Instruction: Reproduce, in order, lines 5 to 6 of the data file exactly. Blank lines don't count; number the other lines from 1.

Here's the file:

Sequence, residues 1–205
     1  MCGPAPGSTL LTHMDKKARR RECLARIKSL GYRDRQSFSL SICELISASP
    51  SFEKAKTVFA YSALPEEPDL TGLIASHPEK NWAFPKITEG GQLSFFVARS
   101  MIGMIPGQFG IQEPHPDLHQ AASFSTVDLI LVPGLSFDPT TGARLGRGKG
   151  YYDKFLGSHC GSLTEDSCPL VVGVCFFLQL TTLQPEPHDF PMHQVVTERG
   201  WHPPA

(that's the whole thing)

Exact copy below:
   151  YYDKFLGSHC GSLTEDSCPL VVGVCFFLQL TTLQPEPHDF PMHQVVTERG
   201  WHPPA